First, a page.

I visited Cuba in 2016 on a botanical trip, visiting beautiful gardens and searching for endangered plants. One of our destinations, Viñales, is known for amazing geological formations. Limestone hills called mogotes rise steeply from the valley. With their isolation, they have many endemic species.
A week into our trip, I arranged with our local host to explore a local mogote to get a better look at some of these unique plants. Most of the group decided to stay at the hotel but I was joined by the intrepid Louise Clarke. We drove to the nearby Mural of Prehistory. This nearly 400-foot-tall mural was created by a team of 18 artists over many years, sensibly using ropes to access their rocky canvas. It shows the evolution of life in Cuba, beginning with ancient sea creatures, moving through dinosaurs, and ending with people. Though fascinating, our primary goal was exploring the hillside itself.
Louise is posing in front of the mural, with Lucia receding in the background already eager to get on with our hike. Lucia had been here before and assured us there were steps leading up the hill. As we approached the base, a couple was coming back from the mogote toward us, saying the trail was very rough and they had given up after a couple minutes. This did not deter Lucia, who assured us this was an easy hike because of the stairways.
We walked for maybe 10 minutes, basically straight up using little indentations in the rock as hand and footholds, when she admitted there should be steps by now. Still, we kept climbing. I can’t really say the hill grew steeper, since it started off that way, but after another 15 minutes there was at least an illusion to me of more perpendicular topography.
Further adding to the difficulty, I had purchased a new camera bag right before the trip. I was carrying three cameras with assorted lenses so I could quickly and easily pull out whichever I needed, not risking getting dust in the cameras by changing lenses in the field. As I should have already learned, it’s a bad idea to buy something for a trip without testing it ahead of time. This shoulder bag had an annoying tendency, particularly obvious when walking on vertical surfaces, of swinging around suddenly and pulling me backward. So, as I gripped the cliff, the bag would abruptly relocate and do its best to pull me down.
We finally reached an area where we could begin to see and photograph some of the endemic species, unique to this precipitous landscape. Lucia seemed ready to continue climbing straight up, indefinitely. I was getting a Picnic at Hanging Rock vibe from her and as we rounded the corner to a sheer cliff, she reluctantly agreed we had run out of trail.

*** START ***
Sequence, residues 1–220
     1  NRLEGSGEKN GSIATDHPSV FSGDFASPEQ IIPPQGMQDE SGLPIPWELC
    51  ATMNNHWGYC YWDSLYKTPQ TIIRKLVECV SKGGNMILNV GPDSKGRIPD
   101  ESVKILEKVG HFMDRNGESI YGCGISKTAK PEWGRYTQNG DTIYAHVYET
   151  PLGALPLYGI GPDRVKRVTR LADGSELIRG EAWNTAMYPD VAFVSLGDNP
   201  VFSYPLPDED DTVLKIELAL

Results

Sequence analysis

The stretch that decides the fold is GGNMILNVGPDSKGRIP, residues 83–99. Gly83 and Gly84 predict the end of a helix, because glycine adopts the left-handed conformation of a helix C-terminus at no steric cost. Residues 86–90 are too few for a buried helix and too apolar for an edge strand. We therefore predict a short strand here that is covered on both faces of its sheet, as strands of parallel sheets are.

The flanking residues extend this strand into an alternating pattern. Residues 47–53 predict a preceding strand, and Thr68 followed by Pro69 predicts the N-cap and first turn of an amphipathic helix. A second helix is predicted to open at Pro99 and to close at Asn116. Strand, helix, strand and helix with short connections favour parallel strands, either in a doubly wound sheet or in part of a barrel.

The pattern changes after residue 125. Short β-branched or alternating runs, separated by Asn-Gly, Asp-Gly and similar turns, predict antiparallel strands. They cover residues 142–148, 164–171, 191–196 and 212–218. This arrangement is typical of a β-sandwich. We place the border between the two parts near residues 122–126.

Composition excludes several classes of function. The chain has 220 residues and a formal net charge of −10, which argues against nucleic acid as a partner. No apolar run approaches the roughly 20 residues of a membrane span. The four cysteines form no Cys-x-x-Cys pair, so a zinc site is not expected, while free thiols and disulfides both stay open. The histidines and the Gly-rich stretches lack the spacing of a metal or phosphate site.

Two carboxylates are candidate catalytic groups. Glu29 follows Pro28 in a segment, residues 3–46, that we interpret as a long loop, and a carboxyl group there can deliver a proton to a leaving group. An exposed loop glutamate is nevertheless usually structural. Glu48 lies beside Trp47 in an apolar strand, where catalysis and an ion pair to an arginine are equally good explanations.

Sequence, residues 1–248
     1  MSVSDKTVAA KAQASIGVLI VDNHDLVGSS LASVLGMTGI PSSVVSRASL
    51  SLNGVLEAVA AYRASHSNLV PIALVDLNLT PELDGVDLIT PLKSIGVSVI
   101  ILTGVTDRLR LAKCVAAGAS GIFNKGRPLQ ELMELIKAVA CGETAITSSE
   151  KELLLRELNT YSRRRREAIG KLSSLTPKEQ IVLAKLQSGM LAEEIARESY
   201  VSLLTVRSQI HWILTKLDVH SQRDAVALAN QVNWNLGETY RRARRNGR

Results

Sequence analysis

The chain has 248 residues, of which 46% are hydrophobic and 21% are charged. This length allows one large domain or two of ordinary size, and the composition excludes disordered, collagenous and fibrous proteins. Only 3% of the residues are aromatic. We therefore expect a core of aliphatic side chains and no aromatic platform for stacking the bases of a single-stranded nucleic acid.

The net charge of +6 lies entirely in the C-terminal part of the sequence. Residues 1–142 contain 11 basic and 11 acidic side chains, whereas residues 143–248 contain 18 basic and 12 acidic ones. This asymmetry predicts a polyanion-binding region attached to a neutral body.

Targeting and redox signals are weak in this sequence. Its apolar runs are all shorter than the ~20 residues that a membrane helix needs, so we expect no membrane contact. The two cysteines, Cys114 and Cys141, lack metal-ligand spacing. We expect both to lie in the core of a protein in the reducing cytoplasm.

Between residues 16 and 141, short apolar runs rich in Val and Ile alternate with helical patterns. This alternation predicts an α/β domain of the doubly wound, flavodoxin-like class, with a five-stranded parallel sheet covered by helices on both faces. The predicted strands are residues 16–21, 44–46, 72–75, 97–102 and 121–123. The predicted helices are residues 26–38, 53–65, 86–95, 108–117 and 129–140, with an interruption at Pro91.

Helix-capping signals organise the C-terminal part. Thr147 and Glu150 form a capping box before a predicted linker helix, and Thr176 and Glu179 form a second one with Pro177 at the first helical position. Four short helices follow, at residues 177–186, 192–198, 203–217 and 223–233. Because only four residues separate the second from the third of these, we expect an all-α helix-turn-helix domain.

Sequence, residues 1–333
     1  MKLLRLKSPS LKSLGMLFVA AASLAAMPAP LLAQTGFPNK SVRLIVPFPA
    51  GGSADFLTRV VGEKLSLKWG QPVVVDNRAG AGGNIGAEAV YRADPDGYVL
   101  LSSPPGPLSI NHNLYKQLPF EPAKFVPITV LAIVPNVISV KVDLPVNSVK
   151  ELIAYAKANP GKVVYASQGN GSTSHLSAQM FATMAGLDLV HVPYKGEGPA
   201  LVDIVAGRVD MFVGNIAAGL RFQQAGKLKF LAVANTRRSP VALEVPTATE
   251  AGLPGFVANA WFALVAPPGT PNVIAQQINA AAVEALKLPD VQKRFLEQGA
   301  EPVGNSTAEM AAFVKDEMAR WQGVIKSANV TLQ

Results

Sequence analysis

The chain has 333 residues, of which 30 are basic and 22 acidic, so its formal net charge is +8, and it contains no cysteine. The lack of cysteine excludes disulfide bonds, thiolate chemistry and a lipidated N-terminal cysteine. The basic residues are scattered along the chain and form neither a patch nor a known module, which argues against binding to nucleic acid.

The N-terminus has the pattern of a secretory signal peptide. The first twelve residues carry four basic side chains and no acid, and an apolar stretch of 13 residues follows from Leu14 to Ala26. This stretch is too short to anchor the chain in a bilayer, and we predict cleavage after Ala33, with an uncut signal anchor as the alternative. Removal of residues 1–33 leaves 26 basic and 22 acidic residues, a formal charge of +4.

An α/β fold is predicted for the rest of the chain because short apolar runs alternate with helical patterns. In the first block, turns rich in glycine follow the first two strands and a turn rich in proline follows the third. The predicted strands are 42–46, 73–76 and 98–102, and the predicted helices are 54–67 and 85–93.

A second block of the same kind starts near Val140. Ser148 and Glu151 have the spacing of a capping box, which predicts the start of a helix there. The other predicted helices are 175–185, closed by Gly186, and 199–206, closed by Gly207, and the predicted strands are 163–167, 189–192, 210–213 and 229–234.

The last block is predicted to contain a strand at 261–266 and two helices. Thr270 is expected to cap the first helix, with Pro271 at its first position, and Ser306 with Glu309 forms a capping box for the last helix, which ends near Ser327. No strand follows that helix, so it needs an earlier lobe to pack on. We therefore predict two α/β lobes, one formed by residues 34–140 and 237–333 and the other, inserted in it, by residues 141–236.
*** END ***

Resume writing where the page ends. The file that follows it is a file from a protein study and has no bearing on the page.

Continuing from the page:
As you can see in this picture on our return, the large danger sign in English was specifically directed to people like us, who clearly ignored the signs in Spanish lower on the slope. Clearly the implication is you must be a foolish foreigner if you continued this high. We later learned the steps had been removed, most likely to discourage adventurers like us. Louise is demonstrating the technique of finding microscopic hand and footholds, while Lucia is charging down at her single speed- full steam ahead.
Louise and I had planted the seeds of friendship and kept in touch, and this past summer when I planned a trip to Pennsylvania, I arranged to meet her. We first met by chance at a plant sale, in a deluge resembling a tropical downpour to make us feel as if we never left Cuba. We chatted for a while, punctuated by her directing traffic in the parking lot. A couple days later, as originally planned, I met her at the Morris Arboretum where she was then working. She gave me a wonderful tour of the many amazing specimens. My favorite was her three large tufa containers, in which she created amazing miniature landscapes.
After exploring on my own while she went back to work, we met for lunch. Then to fulfill our karma, we ventured up to the roof where she had created a wonderful botanical extravaganza. It wouldn’t seem normal to spend all my time on level ground with Louise. We saw Echinacea tennesseensis, Tennessee coneflower, grown from seed. It seemed somewhat incongruous that since I live in Tennessee it took coming to Pennsylvania to finally see this flower. It grows wild in only a few Tennessee counties and is a rare conservation success. The plant was delisted in 2011 as an endangered species after many partners working together brought it back from the brink. On this afternoon, a skipper butterfly seemed pleased with its survival.
So now to tie this convoluted story together. I’ve been starting plants from seed since before I can remember. It’s a great way to quickly populate a new garden, and sometimes the only way to find more obscure plants. It’s always exciting to peer into tiny envelopes and imagine the splendid future of those miniscule dots. Starting seeds requires a belief in the magic of transformation.
This year there was a connection I find both amusing and amazing. I’ve received seeds from NARGS, the North American Rock Garden Society, for decades. This is generally an anonymous transaction. A magic envelope arrives in the mail from the universe of botanical wonder. But this year, my seeds were packed by Louise Clarke. They are now sitting in their pots on my porch. In honor of her love of precipices, perhaps one of these seeds will inaugurate my cliff garden. I may have sowed plants, but I am also growing friendship.